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Posts Tagged ‘Transparency’

Mischief, managed – digital disruptors in need of legacy structures

Magic-Beans“Move fast and break things”. That is the motto of Facebook, and unofficially many of its contemporaries. While much of the most visible impact of new digital organisations has been on how they respond to, engage with and influence user behaviour, just as significant has been the extent to which these organisations have eschewed traditional business models, ways of working and other internal practices. This includes traditional measures of success (hence the above cartoon from The New Yorker), but also of transparency and leadership. Such issues will be the focus of this piece, to compare the old with the new, and where opportunities and challenges can be found.

What makes digital-first organisations different

It’s important to acknowledge the utterly transformative way that digital-first companies do business and create revenue, and how different this is from the way companies operated for the past century. Much of this change can be summed up in the phrase “disruptive innovation”, coined by the great Clayton Christensen way back in 1995. I got to hear from and speak to Clay at a Harvard Business Review event at the end of last year; a clear-thinking, inspiring man. There are few things today that organisations would still find use in from the mid-90s, and yet this theory, paradoxically, holds. The market would certainly seem to bear this concept out. Writing for the Financial Times in April, John Authers noted,

Tech stocks… are leading the market. All the Fang stocks — Facebook, Amazon, Netflix and Google — hit new records this week. Add Apple and Microsoft, and just six tech companies account for 29 per cent of the rise in the S&P 500 since Mr Trump was inaugurated.

The FANG cohort are entirely data-driven organisations that rely on user information (specifically user-volunteered information) to make their money. The more accurately they can design experiences, services and content around their users, the more likely they are to retain them. The greater the retention, the greater the power of network effects and lock-in. (Importantly, their revenue also make any new entrants easily acquirable prey, inhibiting competition). These are Marketing 101 ambitions, but they are being deployed at a level of sophistication the likes of which have never been seen before. Because of this, they are different businesses to those operating in legacy areas. These incumbents are encumbered by many things, including heavily codified regulation. Regulatory bodies have not yet woken up to the way these new companies do business; but it is only a matter of time. Until then though, the common consensus has been that, working in a different way, and without the threat of regulation, means traditional business structures can easily be discarded for the sake of efficiency; dismissed entirely as an analogue throwback.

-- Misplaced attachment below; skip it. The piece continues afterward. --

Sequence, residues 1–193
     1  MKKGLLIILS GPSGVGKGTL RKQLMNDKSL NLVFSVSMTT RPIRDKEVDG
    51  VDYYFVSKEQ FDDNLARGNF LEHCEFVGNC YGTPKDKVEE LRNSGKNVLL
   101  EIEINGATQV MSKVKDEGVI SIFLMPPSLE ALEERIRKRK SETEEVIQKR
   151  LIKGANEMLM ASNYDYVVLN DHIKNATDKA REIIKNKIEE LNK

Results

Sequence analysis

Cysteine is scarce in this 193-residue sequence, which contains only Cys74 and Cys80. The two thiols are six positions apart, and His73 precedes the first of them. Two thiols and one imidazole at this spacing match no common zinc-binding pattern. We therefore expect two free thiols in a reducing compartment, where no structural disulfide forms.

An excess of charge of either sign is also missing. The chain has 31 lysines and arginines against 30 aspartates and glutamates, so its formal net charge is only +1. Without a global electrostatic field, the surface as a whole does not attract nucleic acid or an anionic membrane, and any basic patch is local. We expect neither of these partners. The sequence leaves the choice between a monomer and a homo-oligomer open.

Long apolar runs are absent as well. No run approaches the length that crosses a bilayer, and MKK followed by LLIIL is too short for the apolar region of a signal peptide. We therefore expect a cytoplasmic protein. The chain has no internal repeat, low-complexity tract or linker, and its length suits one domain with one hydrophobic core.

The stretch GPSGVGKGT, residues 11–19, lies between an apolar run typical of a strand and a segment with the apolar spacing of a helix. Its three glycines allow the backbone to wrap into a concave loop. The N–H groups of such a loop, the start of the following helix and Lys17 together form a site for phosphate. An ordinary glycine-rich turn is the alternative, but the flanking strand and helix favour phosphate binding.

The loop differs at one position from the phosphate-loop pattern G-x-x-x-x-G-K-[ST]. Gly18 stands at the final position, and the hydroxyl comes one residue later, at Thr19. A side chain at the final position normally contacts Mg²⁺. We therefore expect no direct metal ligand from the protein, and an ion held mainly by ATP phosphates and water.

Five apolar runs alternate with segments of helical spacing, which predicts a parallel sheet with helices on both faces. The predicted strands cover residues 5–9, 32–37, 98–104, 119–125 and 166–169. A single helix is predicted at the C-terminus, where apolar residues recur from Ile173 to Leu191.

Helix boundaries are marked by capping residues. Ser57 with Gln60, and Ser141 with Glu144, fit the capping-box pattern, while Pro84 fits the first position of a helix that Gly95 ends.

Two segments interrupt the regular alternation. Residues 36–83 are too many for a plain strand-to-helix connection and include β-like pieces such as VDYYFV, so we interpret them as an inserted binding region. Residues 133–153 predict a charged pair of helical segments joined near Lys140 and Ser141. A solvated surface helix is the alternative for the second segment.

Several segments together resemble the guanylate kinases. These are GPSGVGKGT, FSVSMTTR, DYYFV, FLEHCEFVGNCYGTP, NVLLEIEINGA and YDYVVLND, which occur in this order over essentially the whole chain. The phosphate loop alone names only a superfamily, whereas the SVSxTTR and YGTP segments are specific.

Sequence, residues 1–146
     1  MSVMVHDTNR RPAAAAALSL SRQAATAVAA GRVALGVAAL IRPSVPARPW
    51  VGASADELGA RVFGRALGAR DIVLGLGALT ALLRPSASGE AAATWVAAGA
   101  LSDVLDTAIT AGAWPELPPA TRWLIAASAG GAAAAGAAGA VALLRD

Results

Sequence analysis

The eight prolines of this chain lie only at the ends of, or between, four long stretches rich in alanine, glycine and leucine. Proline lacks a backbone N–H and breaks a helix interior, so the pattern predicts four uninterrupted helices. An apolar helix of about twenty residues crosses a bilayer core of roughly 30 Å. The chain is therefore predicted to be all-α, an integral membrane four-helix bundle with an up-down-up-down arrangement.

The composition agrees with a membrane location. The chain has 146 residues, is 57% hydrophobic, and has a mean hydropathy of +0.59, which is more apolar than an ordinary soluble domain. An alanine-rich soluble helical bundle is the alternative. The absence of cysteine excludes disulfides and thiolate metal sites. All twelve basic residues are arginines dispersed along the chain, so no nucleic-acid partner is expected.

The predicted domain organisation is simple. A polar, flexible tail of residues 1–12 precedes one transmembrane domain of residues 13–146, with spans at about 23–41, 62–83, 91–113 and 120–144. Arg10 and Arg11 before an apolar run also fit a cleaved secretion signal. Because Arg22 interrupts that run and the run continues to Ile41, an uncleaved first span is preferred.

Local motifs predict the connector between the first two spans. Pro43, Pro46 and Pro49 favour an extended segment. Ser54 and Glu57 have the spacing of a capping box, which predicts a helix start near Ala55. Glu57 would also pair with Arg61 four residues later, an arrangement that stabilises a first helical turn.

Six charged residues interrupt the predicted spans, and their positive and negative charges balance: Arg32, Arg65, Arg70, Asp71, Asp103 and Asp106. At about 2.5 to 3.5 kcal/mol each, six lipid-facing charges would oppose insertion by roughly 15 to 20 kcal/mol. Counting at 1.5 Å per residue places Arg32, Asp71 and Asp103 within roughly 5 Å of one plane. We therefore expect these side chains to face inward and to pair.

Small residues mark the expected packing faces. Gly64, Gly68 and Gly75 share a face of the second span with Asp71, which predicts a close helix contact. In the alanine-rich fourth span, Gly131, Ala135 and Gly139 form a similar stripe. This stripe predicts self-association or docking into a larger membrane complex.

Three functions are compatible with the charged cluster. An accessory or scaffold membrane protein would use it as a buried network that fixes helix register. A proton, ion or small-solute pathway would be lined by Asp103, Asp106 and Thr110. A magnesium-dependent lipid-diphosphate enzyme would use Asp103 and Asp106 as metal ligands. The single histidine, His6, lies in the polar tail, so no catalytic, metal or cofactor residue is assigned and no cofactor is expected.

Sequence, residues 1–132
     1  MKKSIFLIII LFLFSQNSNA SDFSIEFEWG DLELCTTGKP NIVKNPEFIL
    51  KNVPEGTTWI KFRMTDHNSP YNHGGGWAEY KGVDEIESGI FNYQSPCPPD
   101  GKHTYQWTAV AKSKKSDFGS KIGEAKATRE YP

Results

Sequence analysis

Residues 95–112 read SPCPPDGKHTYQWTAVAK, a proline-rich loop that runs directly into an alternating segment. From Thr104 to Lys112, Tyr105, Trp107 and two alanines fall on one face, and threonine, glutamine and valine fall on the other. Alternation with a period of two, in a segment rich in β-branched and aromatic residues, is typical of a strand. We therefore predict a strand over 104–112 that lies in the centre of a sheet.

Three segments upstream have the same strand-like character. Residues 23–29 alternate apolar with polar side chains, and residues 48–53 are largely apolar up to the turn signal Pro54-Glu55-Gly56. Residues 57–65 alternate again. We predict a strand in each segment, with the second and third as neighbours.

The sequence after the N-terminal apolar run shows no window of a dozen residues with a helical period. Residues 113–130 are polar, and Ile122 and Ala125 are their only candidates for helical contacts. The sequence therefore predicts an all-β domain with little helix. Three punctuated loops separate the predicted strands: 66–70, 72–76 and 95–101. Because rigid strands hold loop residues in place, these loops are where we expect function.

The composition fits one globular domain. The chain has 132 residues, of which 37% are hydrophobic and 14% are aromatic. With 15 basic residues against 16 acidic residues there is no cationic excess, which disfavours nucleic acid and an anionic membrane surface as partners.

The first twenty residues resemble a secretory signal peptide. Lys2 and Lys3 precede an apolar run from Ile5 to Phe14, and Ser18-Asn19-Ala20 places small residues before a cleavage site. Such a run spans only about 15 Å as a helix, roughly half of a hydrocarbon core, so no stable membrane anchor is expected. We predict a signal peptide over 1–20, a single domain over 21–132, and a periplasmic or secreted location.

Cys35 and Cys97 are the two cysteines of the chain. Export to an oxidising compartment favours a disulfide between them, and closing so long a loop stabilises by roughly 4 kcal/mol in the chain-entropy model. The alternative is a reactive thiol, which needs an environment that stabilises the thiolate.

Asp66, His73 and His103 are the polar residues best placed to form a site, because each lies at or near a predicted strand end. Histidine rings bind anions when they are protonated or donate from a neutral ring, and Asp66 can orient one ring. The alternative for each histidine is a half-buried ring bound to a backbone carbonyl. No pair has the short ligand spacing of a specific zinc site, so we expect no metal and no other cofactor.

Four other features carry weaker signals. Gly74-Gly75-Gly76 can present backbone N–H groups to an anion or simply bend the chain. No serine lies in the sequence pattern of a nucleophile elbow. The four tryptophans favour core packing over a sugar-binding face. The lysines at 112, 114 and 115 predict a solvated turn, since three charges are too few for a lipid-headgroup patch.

The dangers of difference

One of the conceits of digital-first organisations is that they tend to be set up in order to democratise the sharing of services or data; disruption through liberalising of a product so that everyone can enjoy something previously limited via enforced scarcity (e.g. cheap travel, cheap accommodation). At the same time, they usually have a highly personality-driven structure, where the original founder is treated with almost Messianic reverence. This despite high-profile revelations of the Emperor having no clothes, such as with Twitter’s Jack Dorsey as well as Google, then Yahoo’s, now who-knows-where Marissa Mayer. She left Yahoo with a $23m severance package as reward for doing absolutely zero to save the organisation. Worse, she may have obstructed justice by waiting years to disclose details of cyberattacks. This was particularly galling for Yahoo’s suitor, Verizon as information came to light in the middle of its proposed purchase of the company (it resulted in a $350m cut to the acquisition price tag). The SEC is investigating. The silence on this matter is staggering, and points to a cultural lack of transparency that is not uncommon in the Valley. A recent Lex column effectively summarised this leader worship as a “most hallowed and dangerous absurdity”.